The crazy world of Rene Higuita: Scorpion kicks, sweeper-keepers and drug traffickers
Rene Higuita has been known as 'El Loco' for more than 30 years.
He insists he's not crazy, and never has been. And yet freely admits that his life reads like a surrealist novel. He even tried to convince Gabriel Garcia Marquez to write his biography.
Higuita's story really is quite something. Born into poverty in Medellin, he was raised by his mother after being disowned by his father, and was a childhood "acquaintance" of the notorious drug baron Pablo Escobar.
He was a prolific striker in his youth but became a goalkeeper after filling in as a replacement during a five-a-side game.
By the age of 20, he was representing Colombia at the Copa America, his fearlessness having struck a chord with Francisco Maturana, who gave him the nickname he still carries today.
"You are so crazy that you can also take the penalties," the coach once told Higuita.
There was a method to the madness, though. Higuita was genuinely ahead of his time. This was the era before the passback rule and yet here was a goalkeeper willing to come out of his area.
Johan Cruyff's Netherlands had, of course, introduced the world to the concept of 'Total Football', the idea that every player on the pitch could play different roles.
What made Higuita very different to Jan Jongbloed, though, was the fact that he was technically excellent.
"The Dutchman came out just to boot the ball into the stands," Maturana wrote ahead of the 1990 World Cup. "Higuita can do much more."
He was essentially the first true sweeper-keeper. "With Rene, we have 11 outfield players," Maturana pointed out.
Of course, there was an inherent risk involved in allowing the goalkeeper to play so far forward, and it was exposed at Italia 90.
In the last-16 meeting with Cameroon, Higuita ventured upfield, as was his want, but made the mistake of trying to dribble past Roger Milla.
The striker pilfered possession and raced away to score the simplest of goals.
It proved decisive, too, with Cameroon winning 2-1 after extra time. Higuita was understandably devastated by what he described as "a mistake as big as a house".
Did it change, though? Did he stop taking risks? No chance. For better or for worse, Higuita remained an eccentric character, on and off the field.
Indeed, in the lead-up to the 1994 World Cup, he made an error of judgement which would see him end up in jail.
Higuita served as a go-between for Pablo Escobar and fellow drug trafficker Carlos Molina, delivering a ransom that resulted in the release of the latter's daughter.
The problem was that he was paid for his services and, under Colombian law, it is an offence to profit from a kidnapping.
"I acted for humanitarian reasons," Higuita said by way of defence. "If I was ever needed again to help free someone, I'd do it without hesitating. I'm a footballer, I didn't know anything about kidnapping laws."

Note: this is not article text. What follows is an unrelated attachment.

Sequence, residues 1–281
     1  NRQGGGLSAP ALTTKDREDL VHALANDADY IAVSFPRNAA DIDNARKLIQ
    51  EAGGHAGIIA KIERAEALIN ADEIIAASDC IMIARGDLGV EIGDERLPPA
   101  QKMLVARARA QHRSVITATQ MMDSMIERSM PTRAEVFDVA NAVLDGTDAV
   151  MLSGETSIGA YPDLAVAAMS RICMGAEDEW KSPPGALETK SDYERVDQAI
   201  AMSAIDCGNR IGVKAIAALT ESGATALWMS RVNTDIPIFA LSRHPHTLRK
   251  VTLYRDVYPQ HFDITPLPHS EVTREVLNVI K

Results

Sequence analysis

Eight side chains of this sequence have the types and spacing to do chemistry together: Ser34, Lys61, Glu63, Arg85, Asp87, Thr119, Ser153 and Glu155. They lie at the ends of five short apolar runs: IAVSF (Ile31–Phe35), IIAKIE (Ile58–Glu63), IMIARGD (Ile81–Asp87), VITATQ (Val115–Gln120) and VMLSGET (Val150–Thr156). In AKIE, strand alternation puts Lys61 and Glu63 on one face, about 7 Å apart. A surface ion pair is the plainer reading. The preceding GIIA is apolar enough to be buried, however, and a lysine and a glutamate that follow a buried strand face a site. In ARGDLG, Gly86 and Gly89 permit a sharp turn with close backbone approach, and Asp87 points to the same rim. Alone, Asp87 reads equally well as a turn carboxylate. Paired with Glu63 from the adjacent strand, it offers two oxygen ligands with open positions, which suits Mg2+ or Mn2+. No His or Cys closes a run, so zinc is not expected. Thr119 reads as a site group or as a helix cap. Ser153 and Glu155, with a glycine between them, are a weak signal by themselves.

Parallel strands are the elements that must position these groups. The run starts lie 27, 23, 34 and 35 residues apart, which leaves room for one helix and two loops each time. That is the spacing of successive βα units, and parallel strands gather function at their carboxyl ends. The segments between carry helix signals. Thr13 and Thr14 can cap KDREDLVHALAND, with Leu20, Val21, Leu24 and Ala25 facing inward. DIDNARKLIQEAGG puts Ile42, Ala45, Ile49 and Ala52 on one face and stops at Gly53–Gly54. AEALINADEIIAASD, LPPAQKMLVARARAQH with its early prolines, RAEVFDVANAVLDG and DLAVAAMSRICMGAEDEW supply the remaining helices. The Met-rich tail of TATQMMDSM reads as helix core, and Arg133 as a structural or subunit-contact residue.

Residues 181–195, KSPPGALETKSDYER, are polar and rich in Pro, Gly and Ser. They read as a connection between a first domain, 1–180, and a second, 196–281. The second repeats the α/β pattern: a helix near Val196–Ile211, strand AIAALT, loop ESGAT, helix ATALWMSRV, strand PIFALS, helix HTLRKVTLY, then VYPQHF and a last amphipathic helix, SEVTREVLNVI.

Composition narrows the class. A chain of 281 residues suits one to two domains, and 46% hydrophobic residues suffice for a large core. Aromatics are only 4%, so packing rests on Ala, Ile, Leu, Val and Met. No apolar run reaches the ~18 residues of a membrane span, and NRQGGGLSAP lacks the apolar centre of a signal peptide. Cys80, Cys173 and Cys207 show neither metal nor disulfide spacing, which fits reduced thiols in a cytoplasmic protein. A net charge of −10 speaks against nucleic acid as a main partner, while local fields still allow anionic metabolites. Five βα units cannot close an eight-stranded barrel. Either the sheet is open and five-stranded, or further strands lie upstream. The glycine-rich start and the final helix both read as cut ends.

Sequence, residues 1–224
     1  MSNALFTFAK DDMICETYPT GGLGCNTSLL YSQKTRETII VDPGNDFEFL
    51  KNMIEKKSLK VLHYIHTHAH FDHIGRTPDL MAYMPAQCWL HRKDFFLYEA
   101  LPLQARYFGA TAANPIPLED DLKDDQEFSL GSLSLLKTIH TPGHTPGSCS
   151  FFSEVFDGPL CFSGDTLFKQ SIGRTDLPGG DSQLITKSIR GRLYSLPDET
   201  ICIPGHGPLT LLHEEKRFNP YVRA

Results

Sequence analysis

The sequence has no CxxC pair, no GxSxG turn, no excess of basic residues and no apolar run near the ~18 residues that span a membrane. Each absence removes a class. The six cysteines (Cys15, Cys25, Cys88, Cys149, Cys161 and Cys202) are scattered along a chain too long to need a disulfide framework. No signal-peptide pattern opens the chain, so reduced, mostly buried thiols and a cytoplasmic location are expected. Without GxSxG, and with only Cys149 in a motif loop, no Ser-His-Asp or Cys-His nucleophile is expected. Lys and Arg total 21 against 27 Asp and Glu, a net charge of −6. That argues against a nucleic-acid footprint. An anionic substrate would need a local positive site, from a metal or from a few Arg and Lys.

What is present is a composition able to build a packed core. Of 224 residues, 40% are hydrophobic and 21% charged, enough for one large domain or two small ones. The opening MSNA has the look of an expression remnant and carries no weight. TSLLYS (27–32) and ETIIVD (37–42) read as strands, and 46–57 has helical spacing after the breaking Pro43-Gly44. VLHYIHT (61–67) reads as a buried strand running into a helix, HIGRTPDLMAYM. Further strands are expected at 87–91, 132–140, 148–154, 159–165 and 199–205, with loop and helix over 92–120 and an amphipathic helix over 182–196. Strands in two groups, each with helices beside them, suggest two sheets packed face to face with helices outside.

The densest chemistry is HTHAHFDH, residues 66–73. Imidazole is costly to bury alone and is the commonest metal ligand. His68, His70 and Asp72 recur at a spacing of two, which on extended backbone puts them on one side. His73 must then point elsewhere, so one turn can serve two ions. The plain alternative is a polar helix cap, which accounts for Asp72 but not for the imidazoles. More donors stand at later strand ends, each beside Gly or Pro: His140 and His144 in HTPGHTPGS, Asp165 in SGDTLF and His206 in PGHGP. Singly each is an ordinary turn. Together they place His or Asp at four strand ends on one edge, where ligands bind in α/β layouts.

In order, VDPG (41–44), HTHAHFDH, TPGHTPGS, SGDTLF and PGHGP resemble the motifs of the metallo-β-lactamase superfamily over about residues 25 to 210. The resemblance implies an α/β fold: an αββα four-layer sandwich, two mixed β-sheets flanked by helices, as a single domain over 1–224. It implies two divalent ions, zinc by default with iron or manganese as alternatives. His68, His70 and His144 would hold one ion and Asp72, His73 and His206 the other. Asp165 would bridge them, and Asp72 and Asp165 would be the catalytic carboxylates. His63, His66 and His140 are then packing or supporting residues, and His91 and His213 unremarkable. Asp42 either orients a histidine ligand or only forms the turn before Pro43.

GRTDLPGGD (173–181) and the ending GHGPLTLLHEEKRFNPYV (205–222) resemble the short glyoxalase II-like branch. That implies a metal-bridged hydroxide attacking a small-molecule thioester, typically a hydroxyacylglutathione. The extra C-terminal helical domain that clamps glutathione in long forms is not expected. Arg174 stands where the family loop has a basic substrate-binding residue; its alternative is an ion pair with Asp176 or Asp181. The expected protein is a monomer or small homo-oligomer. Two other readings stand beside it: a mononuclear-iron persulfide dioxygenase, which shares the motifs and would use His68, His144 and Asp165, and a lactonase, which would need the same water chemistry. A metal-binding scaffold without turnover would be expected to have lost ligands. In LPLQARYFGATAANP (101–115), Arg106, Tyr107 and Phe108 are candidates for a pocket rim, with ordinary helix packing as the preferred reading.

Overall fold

Higuita was eventually released without charge, but only after seven months, during which time he had even gone on a two-week hunger strike in protest at his detainment.
So, while he was out in time for USA 94, he was in no fit state to play. He was a big loss.
Colombia had arrived in America as one of the favourites, having routed Argentina 5-0 in the qualifiers, but suffered a shock first-round humiliation.
The feeling was that his inspirational leadership was missed as much as his shot-stopping, as a calamitous campaign played out amidst death threats was quickly followed by tragedy, with the fatal shooting of defender Andres Escobar just days after the team had returned home.
Maturana had always maintained that Higuita's bravery on the ball put others at ease, showing his team-mates that if he could play in such an apparently care-free manner, so could they.
Of course, this daring approach was best exemplified by the 'Scorpion kick', which Higuita debuted for the world in a friendly against England in 1995, shortly after his return to the national team.
Jamie Redknapp swung over a badly mishit, instantly forgettable cross that Higuita turned into something iconic, with the goalkeeper leaping forward head-first while bending his legs back behind his body, before clearing the ball with his heels.
"Children have always been my inspiration," Higuita revealed to El Mundo. "I always saw them in the street or in a park trying out bicycle kicks, and I told them it would be good to do it in reverse...
"And that day in England, I was given the ball that I had been waiting for five years!"
Higuita claimed that moment of magic put him on the map but, in truth, he was doing himself a disservice.
He already left an indelible mark on the game at Italia 90. His comfort on the ball had been a factor in the subsequent decision to abolish the passback.
The game's rule-makers were desperate to avoid a repeat of the dour, defensive football which had plagued the tournament and their thinking was, 'If Higuita could use his feet to such good effect, why couldn't everyone else?'
Indeed, it's worth remembering that he had played a pivotal role in Colombia's run to the knockout stage, and his sweeper-keeper role paved the way for others.
This, after all, was a true pioneer who ended a remarkable career with 41 goals to his name.
He was also a fine shot-stopper, though. He saved a remarkable four penalties (and scored one himself obviously) during Atletico Nacional's shootout success over Olimpia in the 1989 Copa Libertadores final.
So, was El Loco really out of his mind? Or just ahead of his time? Perhaps a bit of both.